A new twin pipeline system between Edmonton, Alberta and a new marine terminal in Kitimat, British Columbia (B.C.) would carry tar sands oil by pipeline across B.C., to be loaded onto supertankers at an ocean terminal, and onward to Asia. Canadian tar sands production would expand by 30% - escalating the terrible ecological impacts upon the Canadian boreal forests and its water, carbon and ecosystems. The pipeline would skirt the northern edge of the Great Bear temperate rainforest – threatening the home of the revered all-white spirit bear. There will be severe ecological impacts of the pipeline construction as well – including erosion, forest fragmentation, riparian habitat damage, and near certain leaks. While operational a serious pipeline break could occur at any time – destroying any one of the approximately 1,000 pristine streams, rivers, lakes, and natural wild salmon spawning grounds to be crossed. Tar sand production and use is highly carbon intensive, and development of this and other filthy synthetic fossil fuels (and coal) may well push the planet into abrupt and runaway climate change.
The Enbridge Gateway Pipeline project is one of five pipelines, new and expansions, proposed across Northern B.C. potentially transporting up to 700,000 barrels of oil per day. The pipelines go through B.C.'s sensitive Pacific North Coast, piercing the heart of the greater Pacific coast ecosystem. It skirts - yet seriously impacting nonetheless - the Great Bear Rainforest ecosystem and its spirit bear populations. Some 1500 massive supertankers will carry tar sands oil to Asia annually, passing through the narrow and treacherous, yet fragile and pristine, northwest coast passageways. One mishap – such as Enbridge’s recent fouling by broken pipeline of an important Michigan river, or BP’s Gulf Spill – will bring disastrous results and long-term loss of marine life and sensitive coastal ecosystems. Enbridge has a history of pipeline problems, including leaks and regulatory violations.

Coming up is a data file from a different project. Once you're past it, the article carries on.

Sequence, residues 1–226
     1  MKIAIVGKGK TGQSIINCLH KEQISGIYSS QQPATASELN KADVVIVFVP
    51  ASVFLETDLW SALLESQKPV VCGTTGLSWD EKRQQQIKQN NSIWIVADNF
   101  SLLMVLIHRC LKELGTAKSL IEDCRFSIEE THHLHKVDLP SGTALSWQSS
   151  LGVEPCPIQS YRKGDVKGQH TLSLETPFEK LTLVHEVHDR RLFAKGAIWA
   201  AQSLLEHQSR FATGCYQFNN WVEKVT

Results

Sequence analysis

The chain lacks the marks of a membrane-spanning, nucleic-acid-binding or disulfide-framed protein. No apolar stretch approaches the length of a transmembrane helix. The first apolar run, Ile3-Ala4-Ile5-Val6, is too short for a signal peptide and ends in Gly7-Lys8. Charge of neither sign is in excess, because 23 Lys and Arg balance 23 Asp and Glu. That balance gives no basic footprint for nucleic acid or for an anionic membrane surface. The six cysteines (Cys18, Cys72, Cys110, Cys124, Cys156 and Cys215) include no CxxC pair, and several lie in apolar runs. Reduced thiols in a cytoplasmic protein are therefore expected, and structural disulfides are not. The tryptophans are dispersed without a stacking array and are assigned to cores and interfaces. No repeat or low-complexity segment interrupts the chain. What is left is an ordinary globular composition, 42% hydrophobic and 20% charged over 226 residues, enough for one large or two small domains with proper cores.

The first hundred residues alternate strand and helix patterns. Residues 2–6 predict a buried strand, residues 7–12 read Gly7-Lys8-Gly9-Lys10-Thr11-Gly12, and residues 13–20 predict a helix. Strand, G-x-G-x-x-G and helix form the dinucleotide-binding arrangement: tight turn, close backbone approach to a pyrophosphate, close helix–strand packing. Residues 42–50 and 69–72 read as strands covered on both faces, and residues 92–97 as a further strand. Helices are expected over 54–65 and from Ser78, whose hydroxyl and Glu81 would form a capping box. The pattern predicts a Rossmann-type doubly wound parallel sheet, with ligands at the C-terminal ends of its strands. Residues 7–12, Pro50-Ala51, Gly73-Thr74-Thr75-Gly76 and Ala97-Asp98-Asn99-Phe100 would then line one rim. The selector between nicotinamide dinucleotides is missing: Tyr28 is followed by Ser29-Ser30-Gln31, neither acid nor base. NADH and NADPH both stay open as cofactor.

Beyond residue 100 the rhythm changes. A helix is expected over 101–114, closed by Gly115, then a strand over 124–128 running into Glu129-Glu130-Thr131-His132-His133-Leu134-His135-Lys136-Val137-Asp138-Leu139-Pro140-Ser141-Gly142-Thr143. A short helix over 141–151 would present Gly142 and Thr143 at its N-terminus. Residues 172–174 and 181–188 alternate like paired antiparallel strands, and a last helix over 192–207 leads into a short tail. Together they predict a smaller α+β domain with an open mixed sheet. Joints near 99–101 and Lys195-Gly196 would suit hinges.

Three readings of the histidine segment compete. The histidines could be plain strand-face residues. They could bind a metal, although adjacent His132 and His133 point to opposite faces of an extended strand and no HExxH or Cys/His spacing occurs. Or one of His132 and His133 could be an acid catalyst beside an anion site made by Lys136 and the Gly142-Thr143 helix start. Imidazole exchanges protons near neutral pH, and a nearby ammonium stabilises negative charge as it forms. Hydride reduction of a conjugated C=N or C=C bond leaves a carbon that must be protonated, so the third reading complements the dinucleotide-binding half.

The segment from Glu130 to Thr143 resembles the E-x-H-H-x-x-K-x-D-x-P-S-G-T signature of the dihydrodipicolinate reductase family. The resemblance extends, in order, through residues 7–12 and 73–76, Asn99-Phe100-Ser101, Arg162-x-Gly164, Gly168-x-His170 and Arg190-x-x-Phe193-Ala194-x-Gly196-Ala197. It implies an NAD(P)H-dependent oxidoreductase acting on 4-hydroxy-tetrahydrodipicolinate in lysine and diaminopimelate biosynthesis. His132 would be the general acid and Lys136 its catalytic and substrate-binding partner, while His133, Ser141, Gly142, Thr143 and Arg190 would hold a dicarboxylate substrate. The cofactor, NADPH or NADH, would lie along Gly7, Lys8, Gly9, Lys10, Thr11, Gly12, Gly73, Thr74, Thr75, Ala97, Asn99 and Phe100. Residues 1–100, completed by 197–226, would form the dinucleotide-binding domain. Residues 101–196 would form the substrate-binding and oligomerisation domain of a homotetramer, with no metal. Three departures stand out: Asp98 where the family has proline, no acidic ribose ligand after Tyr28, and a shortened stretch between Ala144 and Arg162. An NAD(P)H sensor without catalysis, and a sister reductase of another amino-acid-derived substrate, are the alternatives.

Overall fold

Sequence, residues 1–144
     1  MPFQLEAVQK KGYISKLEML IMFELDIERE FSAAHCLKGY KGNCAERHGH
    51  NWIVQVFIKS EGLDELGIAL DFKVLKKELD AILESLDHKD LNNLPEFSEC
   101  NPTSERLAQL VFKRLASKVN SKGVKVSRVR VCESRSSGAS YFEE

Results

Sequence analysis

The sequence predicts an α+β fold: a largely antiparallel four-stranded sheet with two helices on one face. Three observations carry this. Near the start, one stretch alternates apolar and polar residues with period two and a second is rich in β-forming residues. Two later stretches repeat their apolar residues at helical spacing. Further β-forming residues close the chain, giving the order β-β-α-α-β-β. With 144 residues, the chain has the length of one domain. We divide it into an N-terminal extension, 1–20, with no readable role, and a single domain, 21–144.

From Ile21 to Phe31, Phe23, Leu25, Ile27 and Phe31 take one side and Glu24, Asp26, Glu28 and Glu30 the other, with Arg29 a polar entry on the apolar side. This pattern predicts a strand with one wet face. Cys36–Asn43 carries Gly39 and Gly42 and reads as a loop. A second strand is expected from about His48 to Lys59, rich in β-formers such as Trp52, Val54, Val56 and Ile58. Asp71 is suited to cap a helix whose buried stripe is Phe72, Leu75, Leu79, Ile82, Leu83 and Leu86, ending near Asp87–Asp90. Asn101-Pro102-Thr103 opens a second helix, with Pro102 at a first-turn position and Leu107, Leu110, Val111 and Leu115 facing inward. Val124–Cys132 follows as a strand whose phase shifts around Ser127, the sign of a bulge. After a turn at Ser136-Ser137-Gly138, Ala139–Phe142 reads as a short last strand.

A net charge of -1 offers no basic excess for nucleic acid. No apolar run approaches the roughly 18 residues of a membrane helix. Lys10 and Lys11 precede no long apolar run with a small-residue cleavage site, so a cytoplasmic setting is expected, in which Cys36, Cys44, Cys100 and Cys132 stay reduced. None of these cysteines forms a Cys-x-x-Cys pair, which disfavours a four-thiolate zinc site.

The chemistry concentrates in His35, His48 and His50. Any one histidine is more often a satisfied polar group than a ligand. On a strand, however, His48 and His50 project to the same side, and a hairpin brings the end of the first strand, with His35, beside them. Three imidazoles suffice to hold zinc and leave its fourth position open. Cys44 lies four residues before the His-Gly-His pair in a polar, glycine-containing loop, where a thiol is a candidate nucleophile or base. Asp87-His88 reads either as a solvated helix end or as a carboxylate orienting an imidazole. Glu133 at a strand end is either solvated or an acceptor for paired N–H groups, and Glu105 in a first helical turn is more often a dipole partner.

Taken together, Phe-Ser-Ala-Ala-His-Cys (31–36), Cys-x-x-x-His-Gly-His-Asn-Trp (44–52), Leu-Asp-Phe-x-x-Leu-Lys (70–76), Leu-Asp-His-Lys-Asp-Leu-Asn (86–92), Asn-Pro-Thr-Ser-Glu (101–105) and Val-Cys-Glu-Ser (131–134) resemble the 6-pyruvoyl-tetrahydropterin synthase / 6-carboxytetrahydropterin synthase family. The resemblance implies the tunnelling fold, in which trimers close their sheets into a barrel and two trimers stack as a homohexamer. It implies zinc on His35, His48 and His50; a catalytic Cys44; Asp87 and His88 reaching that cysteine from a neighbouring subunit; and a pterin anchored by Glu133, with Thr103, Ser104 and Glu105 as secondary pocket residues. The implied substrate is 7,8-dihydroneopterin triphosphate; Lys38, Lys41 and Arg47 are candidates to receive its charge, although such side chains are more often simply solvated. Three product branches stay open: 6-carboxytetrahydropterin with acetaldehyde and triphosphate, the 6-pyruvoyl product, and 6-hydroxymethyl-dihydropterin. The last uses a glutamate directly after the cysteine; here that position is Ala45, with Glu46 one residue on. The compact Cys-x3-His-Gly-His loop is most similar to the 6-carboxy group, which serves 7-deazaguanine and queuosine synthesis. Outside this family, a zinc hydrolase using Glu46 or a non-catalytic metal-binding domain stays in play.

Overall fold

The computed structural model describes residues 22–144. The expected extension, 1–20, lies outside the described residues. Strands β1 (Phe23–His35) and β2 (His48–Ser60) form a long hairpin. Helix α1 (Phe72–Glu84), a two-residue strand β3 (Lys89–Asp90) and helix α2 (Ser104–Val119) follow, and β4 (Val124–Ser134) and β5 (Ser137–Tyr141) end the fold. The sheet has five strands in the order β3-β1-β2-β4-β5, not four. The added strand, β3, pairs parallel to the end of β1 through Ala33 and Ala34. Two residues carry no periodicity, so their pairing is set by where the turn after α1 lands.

First Nations' rights are being violated; and their and other rural communities, as well as the wild salmon upon which they depend, would be at risk from a pipeline or oil tanker spill. Yet there is reason for hope as resistance is growing. B.C.’s municipalities recently passed a resolution opposing the proposed Northern Gateway pipeline, building on an earlier declaration by several First Nations. Many Indigenous peoples including nearly 50 communities adamantly oppose the project, as well as political leaders and environmental organizations from around the globe. The First Nations peoples vow to stop the pipeline coming through their lands and to blockade tankers in their fishing boats if they have to. And it is clear they do not stand alone. There is however reason to be concerned that foundation fed, big green groups will make a behind door compromise allowing the project to proceed slightly greenwashed, as has happened with boreal and Great Bear temperate rainforest logging in the past. This must not be allowed to happen, as the world has better energy choices than dirty tar sands oil. What we need is greater efficiency and conservation, and the development of critical renewable and energy-saving technologies and policies – not another tar sands oil pipeline.
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The Spirit Bear - all-white kermode/black bear sub-species - would find its temperate rainforest homes at risk. "Anyone who tells you there will be no accidents or major spills as a result of this pipeline going through is either unbelievably stupid or deliberately lying to you," says noted B.C. environmentalist David Suzuki.
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